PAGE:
Mirati’s KRAS Inhibitor Looks Good, but is it Good Enough to Beat Amgen?
Mirati Therapeutics presented promising results from the KRYSTAL-1 trial of intracranial (IC) responses to its KRAS inhibitor adagrasib in patients with KRASG12C-mutated non-small cell lung cancer (NSCLC) with active and untreated central nervous system (CNS) metastases.
The data Mirati presented at the American Society of Clinical Oncology (ASCO) Annual Meeting indicated that about one-third of patients had intracranial (IC) responses in patients with CNS metastases. There was a median follow-up of 6.6 months, with 25 patients with active, untreated CNS metastases. They received adagrasib 600 mg twice a day. Of the 19 patients who could be evaluated radiographically, there was an IC objective response rate of 32%.
“Central nervous system metastases occur in 27% to 42% of patients with KRASG12C-mutated NSCLC at diagnosis,” Dr. Joshua K. Sabari, M.D., assistant professor of medicine, medical oncology at Perlmutter Cancer Center, NYU Langone Health said. “These patients have a median overall survival of approximately five months, posing a serious clinical challenge. With a median follow-up of 6.6 months, these early and positive data show adagrasib demonstrated a meaningful overall intracranial response rate with early indications for overall survival."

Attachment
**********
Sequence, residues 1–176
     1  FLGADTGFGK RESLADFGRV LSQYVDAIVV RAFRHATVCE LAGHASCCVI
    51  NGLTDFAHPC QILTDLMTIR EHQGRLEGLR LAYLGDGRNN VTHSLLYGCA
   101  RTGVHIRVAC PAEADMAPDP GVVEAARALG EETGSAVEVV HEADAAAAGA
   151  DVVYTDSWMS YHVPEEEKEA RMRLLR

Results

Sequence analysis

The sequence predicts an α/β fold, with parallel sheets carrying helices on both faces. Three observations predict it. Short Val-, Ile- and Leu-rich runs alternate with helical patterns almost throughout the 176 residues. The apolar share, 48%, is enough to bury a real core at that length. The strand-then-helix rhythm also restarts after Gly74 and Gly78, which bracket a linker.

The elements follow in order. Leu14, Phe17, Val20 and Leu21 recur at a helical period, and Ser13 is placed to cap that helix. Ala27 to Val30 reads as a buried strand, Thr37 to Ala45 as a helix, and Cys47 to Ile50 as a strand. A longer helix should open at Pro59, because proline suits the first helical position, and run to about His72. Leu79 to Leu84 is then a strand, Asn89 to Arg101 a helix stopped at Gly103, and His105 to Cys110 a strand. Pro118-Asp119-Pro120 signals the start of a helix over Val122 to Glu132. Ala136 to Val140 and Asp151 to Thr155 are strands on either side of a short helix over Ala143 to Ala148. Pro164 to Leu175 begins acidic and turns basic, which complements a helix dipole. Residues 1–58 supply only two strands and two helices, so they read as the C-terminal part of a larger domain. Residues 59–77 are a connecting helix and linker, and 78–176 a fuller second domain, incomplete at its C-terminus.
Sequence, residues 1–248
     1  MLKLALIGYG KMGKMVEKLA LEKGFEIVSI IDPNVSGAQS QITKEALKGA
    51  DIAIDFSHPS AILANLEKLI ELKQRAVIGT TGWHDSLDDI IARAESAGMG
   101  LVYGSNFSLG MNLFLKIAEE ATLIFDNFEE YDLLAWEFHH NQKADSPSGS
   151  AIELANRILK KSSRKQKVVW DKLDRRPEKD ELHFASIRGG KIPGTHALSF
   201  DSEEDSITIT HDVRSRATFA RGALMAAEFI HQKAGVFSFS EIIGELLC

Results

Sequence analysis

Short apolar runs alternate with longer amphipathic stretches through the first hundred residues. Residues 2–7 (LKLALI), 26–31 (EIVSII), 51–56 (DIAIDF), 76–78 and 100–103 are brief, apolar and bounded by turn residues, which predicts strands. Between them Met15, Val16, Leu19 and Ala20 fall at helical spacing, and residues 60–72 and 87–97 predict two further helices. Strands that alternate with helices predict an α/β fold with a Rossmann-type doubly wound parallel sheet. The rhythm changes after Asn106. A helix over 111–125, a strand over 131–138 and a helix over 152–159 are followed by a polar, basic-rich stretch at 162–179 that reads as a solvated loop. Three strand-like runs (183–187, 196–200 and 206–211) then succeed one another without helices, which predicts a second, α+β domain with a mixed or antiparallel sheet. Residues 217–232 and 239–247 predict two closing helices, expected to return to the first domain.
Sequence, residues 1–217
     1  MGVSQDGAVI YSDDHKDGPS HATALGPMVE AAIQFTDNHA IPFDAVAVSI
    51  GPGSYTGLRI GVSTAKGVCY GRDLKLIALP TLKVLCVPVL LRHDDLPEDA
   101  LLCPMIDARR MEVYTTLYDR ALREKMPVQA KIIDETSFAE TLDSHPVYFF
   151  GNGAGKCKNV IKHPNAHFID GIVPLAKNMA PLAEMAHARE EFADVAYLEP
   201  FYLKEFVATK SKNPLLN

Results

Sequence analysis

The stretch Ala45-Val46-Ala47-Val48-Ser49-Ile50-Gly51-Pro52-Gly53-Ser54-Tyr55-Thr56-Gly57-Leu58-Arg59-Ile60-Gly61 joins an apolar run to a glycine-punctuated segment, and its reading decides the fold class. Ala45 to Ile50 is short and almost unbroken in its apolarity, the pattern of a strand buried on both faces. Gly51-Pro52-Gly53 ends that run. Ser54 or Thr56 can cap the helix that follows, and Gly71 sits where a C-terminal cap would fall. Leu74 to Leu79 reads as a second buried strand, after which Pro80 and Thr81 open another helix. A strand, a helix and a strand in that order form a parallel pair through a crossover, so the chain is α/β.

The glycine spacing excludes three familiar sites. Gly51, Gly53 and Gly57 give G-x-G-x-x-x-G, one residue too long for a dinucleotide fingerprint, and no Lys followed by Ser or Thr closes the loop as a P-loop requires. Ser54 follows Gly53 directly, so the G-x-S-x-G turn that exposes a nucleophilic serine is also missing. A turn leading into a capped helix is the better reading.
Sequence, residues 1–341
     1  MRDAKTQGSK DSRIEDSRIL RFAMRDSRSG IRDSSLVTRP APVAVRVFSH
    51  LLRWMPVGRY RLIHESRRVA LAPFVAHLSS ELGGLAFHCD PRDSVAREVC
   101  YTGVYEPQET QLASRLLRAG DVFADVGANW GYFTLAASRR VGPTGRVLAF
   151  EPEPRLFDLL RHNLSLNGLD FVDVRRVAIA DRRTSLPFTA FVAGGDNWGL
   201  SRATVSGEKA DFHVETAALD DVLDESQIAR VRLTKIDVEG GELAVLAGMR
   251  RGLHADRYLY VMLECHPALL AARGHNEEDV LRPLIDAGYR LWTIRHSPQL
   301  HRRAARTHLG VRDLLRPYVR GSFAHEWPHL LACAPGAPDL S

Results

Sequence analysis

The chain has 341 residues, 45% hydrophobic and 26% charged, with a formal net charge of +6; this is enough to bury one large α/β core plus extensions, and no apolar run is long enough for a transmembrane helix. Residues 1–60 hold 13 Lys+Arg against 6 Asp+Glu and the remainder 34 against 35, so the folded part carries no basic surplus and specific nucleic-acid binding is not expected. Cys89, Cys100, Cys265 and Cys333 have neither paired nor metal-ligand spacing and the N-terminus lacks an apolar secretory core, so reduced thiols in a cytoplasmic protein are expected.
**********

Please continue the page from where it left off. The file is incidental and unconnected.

Adagrasib appears to be marginally better than Lumakras. But Lumakras’ big advantage is that it’s already approved and on the market. Mirati’s target action date with the U.S. Food and Drug Administration for adagrasib is December 14.
Another reason is that Mirati was hoping to get a priority review with a six-month review period as well as accelerated approval. The FDA, however, dug in its heels and gave the company the standard 10-month review period. Amgen is likely to release its confirmatory data on Lumakras around the same time.
And finally, although adagrasib appears to be a fairly safe drug, its safety profile is not as good as Amgen’s, with a greater risk of sudden cardiac death, which occurred in 14% of patients treated with adagrasib but was not observed with Lumakras.
Both drugs appear to be highly similar for NSCLC. Analysts, however, give adagrasib an edge for other cancers, including colorectal cancer, pancreatic and gastrointestinal tumors. However, these aren’t head-to-head studies, and the comparisons across different studies should be taken with a grain of salt.
Analysts with Stifel, however, noted that Mirati’s most recent readout “more or less confirms the similarity of full dose Lumakras and adagrasib monotherapy.”
Dr. Charles Baum, M.D., Ph.D., president, founder and head of research and development for Mirati, said, “We are proud to share the first clinical data demonstrating CNS-specific activity of a KRASG12C inhibitor in patients with NSCLC. Central nervous system metastases disproportionately affect patients with NSCLC and should be carefully considered as part of the treatment approach. Adagrasib showed CNS penetration and intracranial responses in patients with active and untreated CNS metastases, demonstrating potential as a treatment option for this underserved patient population.”